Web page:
Chapter 21, which deals with the testimony of four of five photographers who rode in a car in the presidential motorcade, is an excellent example of Belin's viciousness and cherry picking. (The fifth photographer did not testify for the Commission and did not exist for Belin.) Two of the photographers saw a rifle barrel in the window of the southeast corner of the Texas School Book Depository (TSBD). He wrote

. . . there is one thing upon which each of the photographers agreed: His duty as a photographer for his employer was more important than his duty as a citizen to contact immediately the first police officer he saw and advice the officer of the source of the shots.

The Chevrolet convertible in which these four photographers were riding came to a stop just as it turned the intersection of Elm and Houston in front of the TSBD Building. Dallas policemen were stationed on the street in front of the TSBD Building, as they were stationed on the street throughout the motorcade route. Had any one of these four photographers contacted any of the nearby policemen, the TSBD Building could have been sealed off within a minute or two after the assassination. Had this been done, perhaps Dallas Police Officer J. D. Tippit would be alive today.

And the real irony is that one of these four cameramen--Robert Jackson--won a Pulitzer Prize because he wanted a picture of Lee Harvey Oswald as Oswald was being escorted through the basement of the Dallas Police Building and at the time Jackson took the picture, Jack Ruby darted forward and fired a shot into Oswald. For this, Jackson received one of the highest awards that can be bestowed on a member of the press.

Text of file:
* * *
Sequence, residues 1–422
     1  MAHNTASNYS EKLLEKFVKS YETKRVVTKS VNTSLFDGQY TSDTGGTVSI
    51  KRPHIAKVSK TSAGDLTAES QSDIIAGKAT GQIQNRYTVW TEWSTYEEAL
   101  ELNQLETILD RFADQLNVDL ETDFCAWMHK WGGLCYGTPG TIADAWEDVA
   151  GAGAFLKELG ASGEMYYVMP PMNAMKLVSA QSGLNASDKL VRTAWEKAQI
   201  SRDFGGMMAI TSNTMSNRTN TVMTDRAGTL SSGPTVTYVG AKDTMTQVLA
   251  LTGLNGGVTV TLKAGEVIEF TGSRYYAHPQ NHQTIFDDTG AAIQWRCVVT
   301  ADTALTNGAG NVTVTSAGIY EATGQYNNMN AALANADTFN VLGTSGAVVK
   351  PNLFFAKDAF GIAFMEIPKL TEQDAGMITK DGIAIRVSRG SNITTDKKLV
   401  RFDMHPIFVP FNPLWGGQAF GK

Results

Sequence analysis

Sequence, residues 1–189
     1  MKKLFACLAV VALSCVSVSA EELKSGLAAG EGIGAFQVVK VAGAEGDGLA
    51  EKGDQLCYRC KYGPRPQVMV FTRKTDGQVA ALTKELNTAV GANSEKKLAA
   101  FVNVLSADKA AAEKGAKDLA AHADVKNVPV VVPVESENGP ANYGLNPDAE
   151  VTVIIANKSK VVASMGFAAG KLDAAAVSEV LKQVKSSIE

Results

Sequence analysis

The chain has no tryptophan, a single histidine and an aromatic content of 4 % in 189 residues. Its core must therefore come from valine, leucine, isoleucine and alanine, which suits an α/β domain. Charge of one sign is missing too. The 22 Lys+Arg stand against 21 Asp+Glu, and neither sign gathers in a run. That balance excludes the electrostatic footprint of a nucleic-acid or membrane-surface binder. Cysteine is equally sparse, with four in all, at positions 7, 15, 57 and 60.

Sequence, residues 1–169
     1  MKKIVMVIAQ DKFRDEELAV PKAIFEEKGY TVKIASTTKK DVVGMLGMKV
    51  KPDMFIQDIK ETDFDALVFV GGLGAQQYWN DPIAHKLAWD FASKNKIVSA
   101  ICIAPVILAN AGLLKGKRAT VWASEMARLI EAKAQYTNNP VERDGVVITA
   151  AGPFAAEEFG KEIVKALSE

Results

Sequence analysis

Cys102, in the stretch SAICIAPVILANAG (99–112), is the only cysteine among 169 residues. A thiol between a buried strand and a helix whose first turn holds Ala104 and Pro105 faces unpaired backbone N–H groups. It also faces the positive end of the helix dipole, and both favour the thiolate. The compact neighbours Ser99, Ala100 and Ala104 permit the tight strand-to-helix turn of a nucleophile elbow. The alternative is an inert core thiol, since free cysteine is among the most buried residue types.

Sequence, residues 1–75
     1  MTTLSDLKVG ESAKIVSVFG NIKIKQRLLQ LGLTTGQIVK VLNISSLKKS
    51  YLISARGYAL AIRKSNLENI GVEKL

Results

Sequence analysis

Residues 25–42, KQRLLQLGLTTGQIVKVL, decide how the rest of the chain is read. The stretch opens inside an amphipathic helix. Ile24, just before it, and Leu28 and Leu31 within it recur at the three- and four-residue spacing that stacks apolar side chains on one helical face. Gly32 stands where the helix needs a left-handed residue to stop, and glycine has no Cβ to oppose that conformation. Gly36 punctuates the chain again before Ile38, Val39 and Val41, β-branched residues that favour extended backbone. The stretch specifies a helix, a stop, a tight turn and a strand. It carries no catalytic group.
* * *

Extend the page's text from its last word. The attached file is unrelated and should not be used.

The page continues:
But as citizens of the United States, Jackson should share with his three colleagues a last-place award in failing to do first whatever was possible to help catch a gunman firing at their President. [pp. 176-77]

In his prosecutorial zeal, Belin fails to mention this passage from Jackson's testimony:

Representative [Gerald] FORD: After the third shot and as the car hesitated, did you see any law enforcement officials move in any concentrated or concerted direction?

Mr. JACKSON. I saw at least one, there may have been more, run up the School Depository steps, toward the door. That is one of the things I saw in this confusion. [2 WCH 164]

People who live in glass houses . . .

Sometimes, Belin leaves traces of his cherry picking. On p. 231, he quotes a portion of the testimony of Charles Douglas Givens, an employee of the TSBD. He includes Givens's testimony that he saw Lee Harvey Oswald on the sixth floor of the TSBD around 11:55 AM, November 22, 1963. As the testimony appears in Belin's book, it includes ellipsis marks. These marks correspond to over three pages of Givens's testimony, as it appears in the Warren Commission hearings. In the omitted portion, Belin asks Givens if he ever told anyone that he had seen Oswald in the domino room on the first floor of the TSBD around 11:50 AM and Givens responds that he had not. Two FBI agents reported that Givens had done just that. The Commission had their report, but did not publish it.